A friend of mine fashioned a foot peg, like the ones that fold up on a dirt bike, onto a hiking stick so he could use it as a step for wet crossings. He uses it kind of like a stilt, but with only one leg, and for one long step. He told me there is a commercial product that is similar, but I've never looked into it. It actually works pretty good for creek crossings, which we have a lot of here.
I thought a retractable knife in the tip of my staff would be cool. Then I could turn it into a spear in case a bear wanted to eat me. So far no bears have shown an interest in that though, so I've procrastinated in actually making it.
Loc: Gateway to Columbia Gorge
I have to use collapsible poles--because I'm a shortie, the length I need for hiking is shorter than what I need for my shelter! It's also great to be able to collapse the poles and tie them on my pack if I need one or both hands for scrambling.
Trekking poles do help considerably those of us with leg/knee/foot problems, and I strongly suspect that their use may help prevent overuse injuries in the healthy.
Since my shelter requires only one trekking pole, I still have one available for short excursions around camp, such as fetching water. I'm not sure I'd want a shelter requiring two poles for that reason. For dayhiking or other longer excursions, I use the first measure I described earlier--take out the pole and weigh the tent down with a rock or two so it won't blow open if the wind comes up.
May your trails be crooked, winding, lonesome, dangerous, leading to the most amazing view--E. Abbey
Monopod - another use I'd forgotten (I don't take many pictures.) However, the Tracks Sherlite Staff (and their others, too - and a Leki Staff, I think) all have screw-off wooden knobs that expose a screw-on fitting for cameras. A photographer can tell you more about the technical details.
Loc: East Texas Piney Woods
I concur with Jim. If the hiking is easy, I stow my poles and trek on. I also like to take lots of pictures and poles are a hindrance to that. I find poles help me the most on the downhills in relieving the pressure on my knees and ankles.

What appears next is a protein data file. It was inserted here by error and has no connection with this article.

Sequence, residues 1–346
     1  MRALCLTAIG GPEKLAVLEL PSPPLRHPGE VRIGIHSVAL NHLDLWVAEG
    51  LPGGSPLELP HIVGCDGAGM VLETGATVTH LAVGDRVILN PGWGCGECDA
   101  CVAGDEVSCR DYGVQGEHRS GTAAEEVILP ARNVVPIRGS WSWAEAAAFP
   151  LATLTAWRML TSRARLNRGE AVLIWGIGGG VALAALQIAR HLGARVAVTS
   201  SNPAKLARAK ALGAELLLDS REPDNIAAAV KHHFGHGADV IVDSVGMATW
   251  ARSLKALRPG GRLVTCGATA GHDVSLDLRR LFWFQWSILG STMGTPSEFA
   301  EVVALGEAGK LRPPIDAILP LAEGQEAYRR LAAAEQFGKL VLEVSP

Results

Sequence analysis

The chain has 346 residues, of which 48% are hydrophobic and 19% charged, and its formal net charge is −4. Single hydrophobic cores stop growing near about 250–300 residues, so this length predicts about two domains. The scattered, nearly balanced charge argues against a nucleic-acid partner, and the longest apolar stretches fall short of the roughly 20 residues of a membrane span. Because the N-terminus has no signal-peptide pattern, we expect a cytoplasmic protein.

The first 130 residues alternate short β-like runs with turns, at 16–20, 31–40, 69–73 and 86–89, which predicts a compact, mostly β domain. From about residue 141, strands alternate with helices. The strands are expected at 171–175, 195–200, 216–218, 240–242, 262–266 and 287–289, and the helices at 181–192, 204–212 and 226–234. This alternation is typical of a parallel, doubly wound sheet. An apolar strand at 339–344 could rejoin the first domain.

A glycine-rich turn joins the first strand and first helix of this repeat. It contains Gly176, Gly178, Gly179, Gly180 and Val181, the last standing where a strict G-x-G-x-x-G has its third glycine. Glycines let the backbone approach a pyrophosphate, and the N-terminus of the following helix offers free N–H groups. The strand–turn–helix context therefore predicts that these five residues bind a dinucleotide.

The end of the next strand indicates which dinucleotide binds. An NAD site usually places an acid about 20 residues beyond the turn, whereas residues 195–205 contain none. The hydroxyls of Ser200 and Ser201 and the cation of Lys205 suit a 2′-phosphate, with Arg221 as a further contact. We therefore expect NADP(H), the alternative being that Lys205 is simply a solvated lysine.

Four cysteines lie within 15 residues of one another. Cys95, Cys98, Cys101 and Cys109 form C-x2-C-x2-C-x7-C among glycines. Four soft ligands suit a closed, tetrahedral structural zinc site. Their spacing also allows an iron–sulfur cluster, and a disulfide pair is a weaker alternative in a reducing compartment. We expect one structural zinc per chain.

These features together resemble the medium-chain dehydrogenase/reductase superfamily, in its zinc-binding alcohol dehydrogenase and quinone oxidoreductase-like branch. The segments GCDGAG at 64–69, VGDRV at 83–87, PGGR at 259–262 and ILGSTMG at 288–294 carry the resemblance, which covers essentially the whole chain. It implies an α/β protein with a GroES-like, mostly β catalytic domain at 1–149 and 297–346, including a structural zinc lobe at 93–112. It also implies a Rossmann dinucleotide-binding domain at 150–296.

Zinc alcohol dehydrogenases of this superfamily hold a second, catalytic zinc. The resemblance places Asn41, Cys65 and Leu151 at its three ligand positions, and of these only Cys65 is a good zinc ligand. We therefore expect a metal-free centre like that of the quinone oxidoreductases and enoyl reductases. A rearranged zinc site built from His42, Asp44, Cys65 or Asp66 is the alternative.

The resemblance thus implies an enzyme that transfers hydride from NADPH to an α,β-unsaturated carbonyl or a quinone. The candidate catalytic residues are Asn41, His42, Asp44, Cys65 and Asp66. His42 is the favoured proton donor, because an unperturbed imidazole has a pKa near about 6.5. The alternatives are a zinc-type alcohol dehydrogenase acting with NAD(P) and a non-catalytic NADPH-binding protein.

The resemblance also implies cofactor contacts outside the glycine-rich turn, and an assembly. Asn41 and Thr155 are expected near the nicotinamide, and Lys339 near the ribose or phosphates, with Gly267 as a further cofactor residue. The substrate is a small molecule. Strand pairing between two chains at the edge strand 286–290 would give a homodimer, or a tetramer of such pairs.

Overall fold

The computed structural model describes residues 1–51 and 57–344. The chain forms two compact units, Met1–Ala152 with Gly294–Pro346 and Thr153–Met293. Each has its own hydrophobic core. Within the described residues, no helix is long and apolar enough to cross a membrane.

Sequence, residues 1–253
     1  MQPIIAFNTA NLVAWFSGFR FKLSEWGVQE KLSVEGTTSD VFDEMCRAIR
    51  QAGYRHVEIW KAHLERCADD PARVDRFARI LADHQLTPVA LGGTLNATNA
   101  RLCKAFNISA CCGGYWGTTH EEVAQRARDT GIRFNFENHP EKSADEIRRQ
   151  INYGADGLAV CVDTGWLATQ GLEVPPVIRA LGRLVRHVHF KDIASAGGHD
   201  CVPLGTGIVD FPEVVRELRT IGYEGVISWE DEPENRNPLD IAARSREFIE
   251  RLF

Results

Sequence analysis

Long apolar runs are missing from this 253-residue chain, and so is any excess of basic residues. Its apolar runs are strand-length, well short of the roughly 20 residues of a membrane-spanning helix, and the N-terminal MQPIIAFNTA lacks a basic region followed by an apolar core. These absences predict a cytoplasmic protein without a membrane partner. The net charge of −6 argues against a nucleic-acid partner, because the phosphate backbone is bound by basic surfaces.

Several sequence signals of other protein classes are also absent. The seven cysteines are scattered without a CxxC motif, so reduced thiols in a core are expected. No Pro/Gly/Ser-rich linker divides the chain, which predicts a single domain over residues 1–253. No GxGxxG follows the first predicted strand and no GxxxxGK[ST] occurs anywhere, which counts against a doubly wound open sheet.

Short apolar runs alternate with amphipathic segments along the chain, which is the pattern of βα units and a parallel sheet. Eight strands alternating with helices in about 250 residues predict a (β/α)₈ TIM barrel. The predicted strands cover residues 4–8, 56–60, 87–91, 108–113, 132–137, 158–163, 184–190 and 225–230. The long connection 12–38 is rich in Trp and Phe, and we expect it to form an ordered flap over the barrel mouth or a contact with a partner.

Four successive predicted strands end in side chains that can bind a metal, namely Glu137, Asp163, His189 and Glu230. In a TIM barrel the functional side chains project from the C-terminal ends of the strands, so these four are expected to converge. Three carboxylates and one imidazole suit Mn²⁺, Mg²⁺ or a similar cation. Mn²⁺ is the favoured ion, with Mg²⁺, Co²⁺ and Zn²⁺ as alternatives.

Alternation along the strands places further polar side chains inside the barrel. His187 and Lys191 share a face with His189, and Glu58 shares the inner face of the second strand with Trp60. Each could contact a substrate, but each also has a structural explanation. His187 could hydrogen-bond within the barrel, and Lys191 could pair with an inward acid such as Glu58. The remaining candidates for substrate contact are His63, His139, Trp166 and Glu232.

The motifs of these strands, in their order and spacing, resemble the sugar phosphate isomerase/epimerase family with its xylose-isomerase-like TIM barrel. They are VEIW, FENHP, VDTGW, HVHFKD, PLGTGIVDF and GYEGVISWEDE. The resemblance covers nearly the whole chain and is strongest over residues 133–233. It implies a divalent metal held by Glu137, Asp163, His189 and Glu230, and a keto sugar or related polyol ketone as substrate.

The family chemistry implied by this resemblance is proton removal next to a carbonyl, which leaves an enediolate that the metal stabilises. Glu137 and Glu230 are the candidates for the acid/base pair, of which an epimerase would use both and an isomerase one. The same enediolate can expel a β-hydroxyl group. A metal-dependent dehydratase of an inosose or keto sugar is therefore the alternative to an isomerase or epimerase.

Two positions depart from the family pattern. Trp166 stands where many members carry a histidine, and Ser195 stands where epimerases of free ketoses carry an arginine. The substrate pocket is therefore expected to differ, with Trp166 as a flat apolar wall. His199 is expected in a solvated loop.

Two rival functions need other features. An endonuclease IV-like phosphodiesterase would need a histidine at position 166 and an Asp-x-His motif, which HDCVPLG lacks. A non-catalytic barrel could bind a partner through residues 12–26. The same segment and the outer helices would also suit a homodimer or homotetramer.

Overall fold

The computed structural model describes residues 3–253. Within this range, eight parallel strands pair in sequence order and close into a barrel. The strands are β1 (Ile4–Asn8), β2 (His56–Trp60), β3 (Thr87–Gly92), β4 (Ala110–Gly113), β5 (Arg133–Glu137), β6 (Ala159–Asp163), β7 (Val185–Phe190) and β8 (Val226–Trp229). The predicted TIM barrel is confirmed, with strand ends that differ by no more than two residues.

I carry a 3/4 - 1 inch diameter bamboo staff that is my height. I glued on a pvc cap to the end to keep if from splitting and wrapped one layer of duct tape up the first section of the top and bottom for reinforcement. I've found this to be a great alternative to wooden staffs and/or hiking poles. It does provide that leverage that Jim mentions.
I do have other wooden staffs that I have made that are more decorative and are more works of art than utilitarian. Living where I do, I have plenty of available material for practice.
If you think you can, you can. If you think you can't, you can't. Either way, you're right.
One staff works well for me, especially when the trail requires use of both hands and feet. I got an old Tomic aluminum ski pole from ebay. While not the lightest thing out there its stronger than any treking pole Ive used and a fraction of the cost.
Climb the Mountains and get their good tidings... -John Muir
Do you set up the Rainshadow 2 with one pole or two when you are taking your grandkids?
I find that two poles lets me lever my way along the trail after I've popped an ankle, and makes it easier to avoid popping the ankle in the first place. Doesn't do to end up immobilized when I've got the kids along.
I never used to really like the things, unless I was somewhere (like Jim described) where I needed a handhold, but one wasn't available - like a ridge. Collapsable poles are handy when you don't want to have to carry them, like when you are scrambling uphill and using your hands.
I own a white ash hiking staff that I made for my Dad about 30 years ago. Dad always said if a bear came at him that staff across the snout might change his mind. I say or make it worse! I use two trekking poles for the first time last year. I wont be without them now. My knees are notwhat they used to be, and they really help. They are also useful on the icey spots. Mine are chepo Kswiss from farmand fleet! So far they ae holdingup well!
We keep a plethora of trekking poles and converted ski poles by the back door (we have a nature preserve out our back door). I prefer the ski poles because... 1) they can't collapse 2) don't rattle or have moving parts. 3) are about $1 each at garage sales 4) have been used to wack wild dogs without damage to the pole. (seriously!) 5) tips/shafts are lighter than telescoping poles, which give them an easier and faster "swing", since there is less mass. I convert the handles to have trekking pole straps, if needed. You can't tell the difference once converted.
My wife likes telescoping trekking poles for the adjustment feature, but they have collapsed on hard downhills before, and they are good ones.
Hiking staffs....I have two, one aluminum and one wood, but neither gets used. After several miles of hiking, the staff's weight takes it's toll on wrists.
I like my hiking poles. I used to cross country ski and so I do own some ski poles but never used them for hiking.
The features I like about my trekking poles are:
(1) If I need to be hand (or hands) free I can collapse the pole (s) and strap it to my backpack out of the way. (2) I can adjust the pole if it is used to hold up my tarp shelter. (3) I like the rubber tip as opposed to the point (which is also available on mine).
My poles are very sturdy. They are Tracks Sherlock made in the USA. They have undergone some very rough usage but have never collapsed under load and the rubber tips stay on very securely. They may be slightly heavier than other brands but for me it doesn’t seem to be an issue.